But there will be something.


Something that is more than the process, something that matters to you for a wide variety of reasons, something that links you to your values, history and life.


Look for those moments, find the bits that connect you to yourself, your family, your friends.


Look for the activities that link you to the past and the future to remind yourself that 'this too shall pass', and that hope is bigger than the present moment.


But having said that, when you do find those moments, indulge in them, cherish them, fully participate. Try not to focus on what isn’t, try and really feel the good stuff, even if only for that moment.


I really think it helps. I’m not saying it solves everything or that you’ll feel brilliant all Christmas, I’m just hoping that it might mean you get some moments of joy in what is likely to be quite a different Christmas period for lots of us. It won’t replace the hugs from loved ones, it won’t bring festive cheer to every thought. But if you can find and really notice the things that matter to you, acknowledge why they’re important and fully immerse yourself in the joy that brings, I think you can find moments of seasonal good stuff in a Christmas overshadowed by change and uncertainty.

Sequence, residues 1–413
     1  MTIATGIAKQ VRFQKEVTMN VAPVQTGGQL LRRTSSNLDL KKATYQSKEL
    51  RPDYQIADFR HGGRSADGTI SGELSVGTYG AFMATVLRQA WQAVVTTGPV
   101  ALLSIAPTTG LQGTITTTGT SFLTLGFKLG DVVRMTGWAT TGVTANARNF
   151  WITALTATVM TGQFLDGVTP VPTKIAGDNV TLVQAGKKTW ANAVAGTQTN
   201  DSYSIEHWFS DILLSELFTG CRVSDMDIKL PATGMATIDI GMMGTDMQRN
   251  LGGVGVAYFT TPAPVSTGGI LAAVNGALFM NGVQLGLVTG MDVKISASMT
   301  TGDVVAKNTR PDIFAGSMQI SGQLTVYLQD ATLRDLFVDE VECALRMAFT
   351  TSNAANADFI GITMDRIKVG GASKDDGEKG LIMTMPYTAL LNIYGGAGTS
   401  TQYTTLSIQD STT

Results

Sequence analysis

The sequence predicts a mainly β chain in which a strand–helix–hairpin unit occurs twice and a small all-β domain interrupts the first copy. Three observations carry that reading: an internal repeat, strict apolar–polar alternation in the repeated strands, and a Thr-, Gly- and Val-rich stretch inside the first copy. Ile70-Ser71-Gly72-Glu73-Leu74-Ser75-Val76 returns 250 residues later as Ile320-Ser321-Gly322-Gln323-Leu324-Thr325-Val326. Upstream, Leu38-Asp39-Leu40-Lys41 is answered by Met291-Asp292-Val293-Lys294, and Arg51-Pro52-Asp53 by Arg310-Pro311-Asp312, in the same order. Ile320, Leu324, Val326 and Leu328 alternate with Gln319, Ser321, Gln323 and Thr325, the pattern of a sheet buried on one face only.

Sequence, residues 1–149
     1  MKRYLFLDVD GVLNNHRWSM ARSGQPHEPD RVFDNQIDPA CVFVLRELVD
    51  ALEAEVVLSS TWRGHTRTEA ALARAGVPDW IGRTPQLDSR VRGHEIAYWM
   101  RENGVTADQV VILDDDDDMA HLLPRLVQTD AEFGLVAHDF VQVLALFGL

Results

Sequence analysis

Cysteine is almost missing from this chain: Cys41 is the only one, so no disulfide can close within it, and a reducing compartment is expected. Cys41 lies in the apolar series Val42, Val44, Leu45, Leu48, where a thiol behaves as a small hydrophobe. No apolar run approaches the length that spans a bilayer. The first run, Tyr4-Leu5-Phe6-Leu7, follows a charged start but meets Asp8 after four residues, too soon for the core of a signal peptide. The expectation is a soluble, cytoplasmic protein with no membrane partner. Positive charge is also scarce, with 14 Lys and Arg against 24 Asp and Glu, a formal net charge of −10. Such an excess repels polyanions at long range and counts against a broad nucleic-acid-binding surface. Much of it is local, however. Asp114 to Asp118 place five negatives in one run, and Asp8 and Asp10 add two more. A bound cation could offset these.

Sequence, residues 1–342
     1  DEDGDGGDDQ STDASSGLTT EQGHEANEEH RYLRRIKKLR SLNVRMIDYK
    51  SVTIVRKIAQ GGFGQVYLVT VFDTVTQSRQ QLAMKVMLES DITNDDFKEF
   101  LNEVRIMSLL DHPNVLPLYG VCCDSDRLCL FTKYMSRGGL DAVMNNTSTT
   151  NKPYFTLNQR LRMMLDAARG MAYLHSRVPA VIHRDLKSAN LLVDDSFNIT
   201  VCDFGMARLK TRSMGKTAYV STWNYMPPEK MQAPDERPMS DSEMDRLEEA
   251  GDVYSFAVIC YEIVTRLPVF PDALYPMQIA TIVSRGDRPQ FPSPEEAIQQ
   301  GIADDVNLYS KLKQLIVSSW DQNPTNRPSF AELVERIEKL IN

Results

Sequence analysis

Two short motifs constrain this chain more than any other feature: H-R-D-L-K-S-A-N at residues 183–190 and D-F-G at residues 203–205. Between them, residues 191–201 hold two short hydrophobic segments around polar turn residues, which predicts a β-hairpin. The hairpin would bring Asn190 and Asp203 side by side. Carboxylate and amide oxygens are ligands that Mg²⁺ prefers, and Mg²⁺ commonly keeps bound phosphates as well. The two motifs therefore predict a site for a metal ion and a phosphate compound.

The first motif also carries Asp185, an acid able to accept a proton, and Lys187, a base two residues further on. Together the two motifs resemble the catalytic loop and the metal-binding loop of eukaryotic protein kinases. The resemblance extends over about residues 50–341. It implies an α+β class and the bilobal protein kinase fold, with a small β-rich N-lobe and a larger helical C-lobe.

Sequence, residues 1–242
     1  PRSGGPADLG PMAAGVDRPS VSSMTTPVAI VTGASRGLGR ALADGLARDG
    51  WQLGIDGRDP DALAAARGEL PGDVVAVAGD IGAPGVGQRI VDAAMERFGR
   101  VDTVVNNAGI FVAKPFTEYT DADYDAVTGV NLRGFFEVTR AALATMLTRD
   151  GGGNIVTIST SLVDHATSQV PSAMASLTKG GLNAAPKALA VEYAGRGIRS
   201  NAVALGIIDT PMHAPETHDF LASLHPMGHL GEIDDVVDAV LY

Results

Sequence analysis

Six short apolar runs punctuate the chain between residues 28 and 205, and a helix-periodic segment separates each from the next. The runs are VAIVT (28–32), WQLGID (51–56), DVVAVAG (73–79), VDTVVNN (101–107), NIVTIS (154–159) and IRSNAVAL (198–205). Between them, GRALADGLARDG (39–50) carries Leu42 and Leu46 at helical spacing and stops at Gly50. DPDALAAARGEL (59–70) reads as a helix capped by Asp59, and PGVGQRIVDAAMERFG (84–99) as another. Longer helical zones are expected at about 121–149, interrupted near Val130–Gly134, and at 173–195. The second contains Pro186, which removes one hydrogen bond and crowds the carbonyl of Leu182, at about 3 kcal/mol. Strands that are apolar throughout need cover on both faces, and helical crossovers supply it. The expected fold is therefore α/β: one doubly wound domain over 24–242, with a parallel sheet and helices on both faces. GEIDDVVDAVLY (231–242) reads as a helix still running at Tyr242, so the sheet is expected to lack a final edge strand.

On a practical note, writing down the worries or concerns about the festive period and then organising these a bit can be helpful. It can be useful just to see what is and isn’t likely to be affected by your efforts so you can ‘save energy’ by focussing on the things you feel most confident about influencing or controlling.


I’ve put a couple of templates in the file share on the website but basically you think about the worries or difficulties that you envisage over the Christmas period. As you write them down, put them roughly into categories of person (things about you), occupation (things about what you do) and environment (the physical and social spaces around you) and then use the spheres of control worksheet to organise these worries into:

  • Circle of control: things you have direct influence over

  • Circle of influence: things you may potentially have influence on

  • Circle of concern: things you are unlikely to have influence on

Once you’ve done this, take the things from the circle of concern off your worry list, off your to do list and save that energy to put into the things you can influence and directly control.


Be creative in how you approach the possible solutions or things that might be help with your worries or stressors; it might not be the usual plan, the usual way of doing things but sometimes just stopping and seeing the worries written down means different ways to approach them or solve them or put them into some sort of order can pop into your head.


By doing the structured thinking you are breaking the habit of worrying and doing things the same way- this can bring opportunity to find new ways to manage your stuff, whatever your stuff is.


Wishing you all the best Christmas you can find, some peace, some joy and some hope for whatever comes next.


Thanks for reading

Kate